I Find Myself Very Convincing

I want to have children, just not now.

I like my life. I like its mix of spontaneity and plans. I like eating out and sleeping in. I like having dinner with my wife and walking to dessert and then just bumming around for a bit. I like seeing movies and exploring new places. I like traveling. And I do like the idea of having a child and experiencing all of these things together… I just don’t like it now. (read more…)

The Years That Ask

I find myself disappointed when I learn that a woman I admire has kids. Like when I read Heidi Julavits’ memoir, “A Folded Clock,” I was excited when she describes an abortion. “Maybe she doesn’t have kids!” came a gleeful shout from somewhere inside me. She does, I discovered a few chapters later, and my heart sank a bit. Listening to an episode of Krista Tippett’s podcast, On Being, I had the same experience. “I wonder if she has kids?” She’s so wise and successful. I Googled for the answer. She does (two). Cue disappointment.

(read more…)

What Being a Very New Mother Feels Like

It feels like when I’m happy — even gleeful — to be apart, some little interior elf is also uneasily missing her. When I return to find her safe and happy, I’m momentarily thrilled before becoming frustrated at the unrelenting grind of her care.

It feels like trying to describe your “interesting” dream to someone. (read more…)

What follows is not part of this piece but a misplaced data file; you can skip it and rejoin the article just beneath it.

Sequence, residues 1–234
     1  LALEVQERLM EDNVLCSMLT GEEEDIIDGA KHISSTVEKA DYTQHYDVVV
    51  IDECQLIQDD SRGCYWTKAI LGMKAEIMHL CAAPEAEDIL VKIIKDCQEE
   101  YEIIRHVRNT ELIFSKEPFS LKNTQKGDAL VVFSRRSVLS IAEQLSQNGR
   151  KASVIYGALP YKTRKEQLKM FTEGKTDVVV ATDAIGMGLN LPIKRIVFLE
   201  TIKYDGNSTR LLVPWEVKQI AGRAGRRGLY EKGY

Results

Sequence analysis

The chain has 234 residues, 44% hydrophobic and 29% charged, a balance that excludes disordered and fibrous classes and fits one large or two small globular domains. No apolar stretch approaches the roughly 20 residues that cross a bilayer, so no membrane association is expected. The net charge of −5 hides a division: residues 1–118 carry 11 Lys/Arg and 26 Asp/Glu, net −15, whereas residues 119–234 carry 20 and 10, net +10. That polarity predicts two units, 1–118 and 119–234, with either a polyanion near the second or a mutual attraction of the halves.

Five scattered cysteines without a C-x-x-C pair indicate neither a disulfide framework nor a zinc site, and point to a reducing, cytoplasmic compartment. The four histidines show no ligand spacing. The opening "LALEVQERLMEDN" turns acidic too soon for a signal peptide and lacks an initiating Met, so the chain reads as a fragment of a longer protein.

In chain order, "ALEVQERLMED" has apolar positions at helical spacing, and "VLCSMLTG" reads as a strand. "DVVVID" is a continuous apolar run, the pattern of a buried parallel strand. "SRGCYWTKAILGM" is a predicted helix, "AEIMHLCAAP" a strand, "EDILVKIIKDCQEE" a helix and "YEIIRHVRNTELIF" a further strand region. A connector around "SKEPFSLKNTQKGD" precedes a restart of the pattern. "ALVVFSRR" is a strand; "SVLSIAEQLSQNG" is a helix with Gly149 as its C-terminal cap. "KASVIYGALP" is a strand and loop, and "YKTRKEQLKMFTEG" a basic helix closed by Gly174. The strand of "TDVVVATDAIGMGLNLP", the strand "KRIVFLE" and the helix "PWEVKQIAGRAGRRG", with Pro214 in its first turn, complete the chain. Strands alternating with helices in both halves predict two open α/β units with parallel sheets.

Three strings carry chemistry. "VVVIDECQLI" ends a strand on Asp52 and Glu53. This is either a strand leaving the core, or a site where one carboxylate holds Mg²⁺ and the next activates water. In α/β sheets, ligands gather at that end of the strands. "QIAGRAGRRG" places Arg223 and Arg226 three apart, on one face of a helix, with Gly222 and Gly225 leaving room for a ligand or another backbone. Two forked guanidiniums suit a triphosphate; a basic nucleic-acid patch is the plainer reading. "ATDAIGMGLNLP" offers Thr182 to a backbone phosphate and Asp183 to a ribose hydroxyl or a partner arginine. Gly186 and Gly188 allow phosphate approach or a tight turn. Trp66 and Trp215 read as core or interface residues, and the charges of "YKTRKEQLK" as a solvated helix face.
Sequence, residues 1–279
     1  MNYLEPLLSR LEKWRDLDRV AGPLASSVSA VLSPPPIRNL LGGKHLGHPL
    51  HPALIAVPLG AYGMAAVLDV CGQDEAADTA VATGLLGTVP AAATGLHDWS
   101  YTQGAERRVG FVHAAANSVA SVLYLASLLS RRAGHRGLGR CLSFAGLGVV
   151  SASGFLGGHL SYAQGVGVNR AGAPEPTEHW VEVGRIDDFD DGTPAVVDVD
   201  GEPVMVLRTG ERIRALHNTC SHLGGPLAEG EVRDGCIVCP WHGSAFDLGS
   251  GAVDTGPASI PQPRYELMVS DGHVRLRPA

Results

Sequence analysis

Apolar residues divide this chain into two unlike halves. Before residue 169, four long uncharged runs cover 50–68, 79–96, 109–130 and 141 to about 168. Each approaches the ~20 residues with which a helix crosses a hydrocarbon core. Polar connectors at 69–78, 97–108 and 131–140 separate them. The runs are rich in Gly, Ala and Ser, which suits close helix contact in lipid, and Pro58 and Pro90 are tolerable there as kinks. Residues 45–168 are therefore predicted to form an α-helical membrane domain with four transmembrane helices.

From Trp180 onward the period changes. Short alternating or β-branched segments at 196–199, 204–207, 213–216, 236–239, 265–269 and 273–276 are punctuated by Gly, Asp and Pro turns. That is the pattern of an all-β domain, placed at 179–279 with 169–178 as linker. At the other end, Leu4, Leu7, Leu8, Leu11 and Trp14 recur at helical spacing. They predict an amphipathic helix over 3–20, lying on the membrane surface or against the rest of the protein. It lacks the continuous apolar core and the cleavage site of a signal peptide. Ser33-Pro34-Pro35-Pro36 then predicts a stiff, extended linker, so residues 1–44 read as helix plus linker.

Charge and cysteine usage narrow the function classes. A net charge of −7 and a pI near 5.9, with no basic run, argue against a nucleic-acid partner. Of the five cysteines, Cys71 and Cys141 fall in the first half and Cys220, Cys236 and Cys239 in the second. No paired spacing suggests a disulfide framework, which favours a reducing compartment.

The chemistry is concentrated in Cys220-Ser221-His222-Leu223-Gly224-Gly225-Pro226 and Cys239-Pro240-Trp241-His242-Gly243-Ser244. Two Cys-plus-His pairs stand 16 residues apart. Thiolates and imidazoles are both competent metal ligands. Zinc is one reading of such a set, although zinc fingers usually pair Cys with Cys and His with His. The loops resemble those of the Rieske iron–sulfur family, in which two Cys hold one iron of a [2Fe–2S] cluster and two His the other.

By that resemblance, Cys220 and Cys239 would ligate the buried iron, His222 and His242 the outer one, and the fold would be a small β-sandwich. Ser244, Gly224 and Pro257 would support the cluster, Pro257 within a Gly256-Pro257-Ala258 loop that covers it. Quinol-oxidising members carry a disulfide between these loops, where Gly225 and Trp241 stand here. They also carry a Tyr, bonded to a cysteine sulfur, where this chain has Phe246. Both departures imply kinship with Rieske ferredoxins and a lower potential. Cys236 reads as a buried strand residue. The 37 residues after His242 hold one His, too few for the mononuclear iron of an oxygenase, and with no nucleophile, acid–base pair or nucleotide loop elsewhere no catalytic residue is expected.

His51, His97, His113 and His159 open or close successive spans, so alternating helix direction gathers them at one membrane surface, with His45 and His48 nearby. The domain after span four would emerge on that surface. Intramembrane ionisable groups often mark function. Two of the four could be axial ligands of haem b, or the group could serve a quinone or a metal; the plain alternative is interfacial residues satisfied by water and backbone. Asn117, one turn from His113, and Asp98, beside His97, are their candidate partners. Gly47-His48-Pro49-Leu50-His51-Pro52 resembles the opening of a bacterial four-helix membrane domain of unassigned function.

The Mother of All Questions

Hi! It’s been a minute.

This is just a quick post to say that we’re coming back, for a limited time, with a mini-season around a central theme: parenthood and children.

Why this theme? Two reasons. (read more…)

Marriage—Who Needs It? I Do.

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In the early years of our relationship, when Lars and I were just out of college, we attended two weddings of our peers. The couples were pretty different from us—dating since their teens, religious—and we experienced the occasions like anthropologists observing exotic customs.

Then our mid-twenties arrived and, with them, a torrent of weddings. One after the other, our close friends all started getting married. These occasions allowed us to leave our ordinary lives behind for a weekend, drive to some inn or farm, don fancy clothes, and watch our peers act older and wiser than we felt.

Once Lars and I returned the rental car Sunday night, we’d be back to our cruddy apartment in Queens. Come Monday, I’d be sorting more newsclips for a boss who found me talentless and disappointing. The future did not seem fecund with promise; it felt unknowable and scary. On more than one occasion Lars had found me in our bathtub, sobbing into the water, telling him I’d peaked and was now a waste of space. While I believed in our relationship, I could not imagine declaring to the world my confidence in life ahead. Love was real, and we had plenty of laughs and joys together, but despair conquered all. (read more…)